Disgraced former IMF chief Dominique Strauss-Kahn, who partly ran an investment company that is being sued for alleged fraud, will file a suit next week for defamation, his lawyer Jean Veil told AFP on Saturday.
The investigation was opened on July 28 after a former shareholder in a now-defunct Luxembourg-based firm, LSK, lodged a formal complaint.
Strauss-Kahn, once tipped as a future French president, was forced to resign from his role as head of the IMF in 2011 after being accused of sexual assault by a New York hotel maid.
Those criminal charges were dropped in 2012 and the case was settled in a civil suit.
He was also dragged through French courts earlier this year, accused of being at the centre of a prostitution ring, but was found not guilty.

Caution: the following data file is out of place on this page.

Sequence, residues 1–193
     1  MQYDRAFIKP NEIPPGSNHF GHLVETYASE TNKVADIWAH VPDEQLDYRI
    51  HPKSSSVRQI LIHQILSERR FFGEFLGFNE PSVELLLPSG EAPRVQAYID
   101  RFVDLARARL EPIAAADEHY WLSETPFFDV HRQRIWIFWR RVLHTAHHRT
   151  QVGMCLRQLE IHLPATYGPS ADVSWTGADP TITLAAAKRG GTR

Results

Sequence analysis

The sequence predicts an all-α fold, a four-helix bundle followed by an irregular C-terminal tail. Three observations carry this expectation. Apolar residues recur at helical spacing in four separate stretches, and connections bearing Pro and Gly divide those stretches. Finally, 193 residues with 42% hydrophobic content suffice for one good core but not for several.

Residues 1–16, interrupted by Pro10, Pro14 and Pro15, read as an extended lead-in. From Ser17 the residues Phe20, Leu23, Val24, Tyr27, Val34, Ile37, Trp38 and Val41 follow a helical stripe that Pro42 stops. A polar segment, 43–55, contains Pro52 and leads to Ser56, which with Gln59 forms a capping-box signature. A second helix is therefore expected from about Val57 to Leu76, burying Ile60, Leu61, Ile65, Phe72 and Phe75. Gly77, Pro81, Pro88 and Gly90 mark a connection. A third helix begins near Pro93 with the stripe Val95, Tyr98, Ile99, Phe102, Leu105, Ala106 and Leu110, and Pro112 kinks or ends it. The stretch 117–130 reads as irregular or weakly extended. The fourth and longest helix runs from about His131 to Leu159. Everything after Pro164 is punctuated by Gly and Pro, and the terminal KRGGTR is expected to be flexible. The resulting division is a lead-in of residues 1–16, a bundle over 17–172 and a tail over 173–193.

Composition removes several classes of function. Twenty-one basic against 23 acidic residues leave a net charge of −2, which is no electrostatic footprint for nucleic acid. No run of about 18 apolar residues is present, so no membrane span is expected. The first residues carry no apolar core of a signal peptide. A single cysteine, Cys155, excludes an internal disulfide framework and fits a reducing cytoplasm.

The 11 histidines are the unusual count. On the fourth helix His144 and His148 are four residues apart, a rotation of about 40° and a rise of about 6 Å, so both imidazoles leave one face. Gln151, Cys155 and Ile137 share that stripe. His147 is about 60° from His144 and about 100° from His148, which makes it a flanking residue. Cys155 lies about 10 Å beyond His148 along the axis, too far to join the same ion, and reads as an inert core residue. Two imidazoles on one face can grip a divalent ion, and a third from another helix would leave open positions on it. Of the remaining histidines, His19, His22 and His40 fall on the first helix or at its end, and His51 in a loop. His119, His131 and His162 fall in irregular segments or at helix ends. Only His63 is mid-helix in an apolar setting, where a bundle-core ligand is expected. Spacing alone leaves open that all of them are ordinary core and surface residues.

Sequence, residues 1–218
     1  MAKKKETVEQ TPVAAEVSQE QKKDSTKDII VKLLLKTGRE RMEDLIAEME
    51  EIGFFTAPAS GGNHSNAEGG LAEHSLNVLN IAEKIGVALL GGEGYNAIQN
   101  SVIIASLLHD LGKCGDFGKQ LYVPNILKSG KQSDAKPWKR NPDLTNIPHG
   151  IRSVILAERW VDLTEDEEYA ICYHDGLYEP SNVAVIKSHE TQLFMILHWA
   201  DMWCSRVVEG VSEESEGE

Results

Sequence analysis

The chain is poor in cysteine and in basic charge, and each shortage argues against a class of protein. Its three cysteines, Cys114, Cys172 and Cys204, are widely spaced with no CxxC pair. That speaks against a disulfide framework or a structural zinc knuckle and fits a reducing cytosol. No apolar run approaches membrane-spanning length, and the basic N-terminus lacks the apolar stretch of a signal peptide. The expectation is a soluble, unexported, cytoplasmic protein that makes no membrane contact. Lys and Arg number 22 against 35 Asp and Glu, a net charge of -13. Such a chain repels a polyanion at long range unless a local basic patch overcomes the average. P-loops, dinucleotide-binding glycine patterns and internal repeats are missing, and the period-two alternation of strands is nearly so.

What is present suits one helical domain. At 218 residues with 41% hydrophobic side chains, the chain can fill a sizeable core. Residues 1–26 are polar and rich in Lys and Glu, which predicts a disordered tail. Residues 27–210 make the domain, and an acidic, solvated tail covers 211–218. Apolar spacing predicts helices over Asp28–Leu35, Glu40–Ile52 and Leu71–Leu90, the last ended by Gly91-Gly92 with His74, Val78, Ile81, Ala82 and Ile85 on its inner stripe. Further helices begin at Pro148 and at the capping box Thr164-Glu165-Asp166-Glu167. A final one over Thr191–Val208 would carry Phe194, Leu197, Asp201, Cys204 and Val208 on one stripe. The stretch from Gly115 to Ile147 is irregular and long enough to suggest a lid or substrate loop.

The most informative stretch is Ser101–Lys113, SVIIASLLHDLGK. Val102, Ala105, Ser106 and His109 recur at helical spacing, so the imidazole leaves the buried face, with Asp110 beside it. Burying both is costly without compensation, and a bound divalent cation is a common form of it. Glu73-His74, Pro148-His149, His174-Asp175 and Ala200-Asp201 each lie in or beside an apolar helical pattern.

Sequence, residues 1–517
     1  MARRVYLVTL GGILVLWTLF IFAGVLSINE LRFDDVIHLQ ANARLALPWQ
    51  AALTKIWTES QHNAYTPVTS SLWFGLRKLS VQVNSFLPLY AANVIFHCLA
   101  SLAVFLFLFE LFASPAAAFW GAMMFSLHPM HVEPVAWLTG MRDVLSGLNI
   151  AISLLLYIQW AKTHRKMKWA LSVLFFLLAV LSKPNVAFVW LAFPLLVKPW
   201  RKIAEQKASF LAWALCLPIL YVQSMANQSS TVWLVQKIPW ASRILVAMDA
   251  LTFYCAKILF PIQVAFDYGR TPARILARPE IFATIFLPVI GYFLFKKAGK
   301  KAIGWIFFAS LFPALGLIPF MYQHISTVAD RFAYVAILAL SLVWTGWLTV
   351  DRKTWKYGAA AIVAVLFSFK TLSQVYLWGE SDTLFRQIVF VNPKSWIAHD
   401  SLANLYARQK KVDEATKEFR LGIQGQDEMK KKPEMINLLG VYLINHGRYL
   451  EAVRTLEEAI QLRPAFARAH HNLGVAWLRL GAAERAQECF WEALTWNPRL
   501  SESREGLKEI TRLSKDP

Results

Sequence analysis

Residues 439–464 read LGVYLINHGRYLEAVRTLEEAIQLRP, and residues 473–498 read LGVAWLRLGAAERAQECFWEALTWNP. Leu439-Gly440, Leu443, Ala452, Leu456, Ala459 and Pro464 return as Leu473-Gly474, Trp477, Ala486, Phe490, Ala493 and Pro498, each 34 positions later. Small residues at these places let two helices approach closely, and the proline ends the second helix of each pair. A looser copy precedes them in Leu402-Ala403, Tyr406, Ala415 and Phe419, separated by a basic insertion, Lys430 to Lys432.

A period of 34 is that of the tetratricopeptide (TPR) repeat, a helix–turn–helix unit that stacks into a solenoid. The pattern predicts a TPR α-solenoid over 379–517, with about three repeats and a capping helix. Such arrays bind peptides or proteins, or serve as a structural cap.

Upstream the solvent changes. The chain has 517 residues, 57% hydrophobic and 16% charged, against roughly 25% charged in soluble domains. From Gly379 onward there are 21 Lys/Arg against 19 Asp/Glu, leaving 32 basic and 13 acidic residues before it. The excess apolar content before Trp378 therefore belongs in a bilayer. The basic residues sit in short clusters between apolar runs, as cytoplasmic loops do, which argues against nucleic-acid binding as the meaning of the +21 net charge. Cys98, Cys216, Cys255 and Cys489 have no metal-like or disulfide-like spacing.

The probe into Strauss-Kahn's business dealings in Luxembourg focuses on a former shareholder, Jean-Francois Ott, who pumped 500,000 euros ($570,000) into the company.
Ott claims he was given a misleading impression of the firm's financial situation when he made the cash injection and has sued the company, and some of its former administrators, including Strauss-Kahn, for fraud.
Strauss-Kahn had hoped to build up LSK into a $2.0-billion-dollar investment fund, but winding-up proceedings began in November 2014 after its founder, Thierry Leyne, committed suicide in Tel Aviv.
Veil said his client had actually been duped by Leyne. Strauss-Kahn quit the firm just days before Leyne's death and accused his former associate of "excessive borrowing."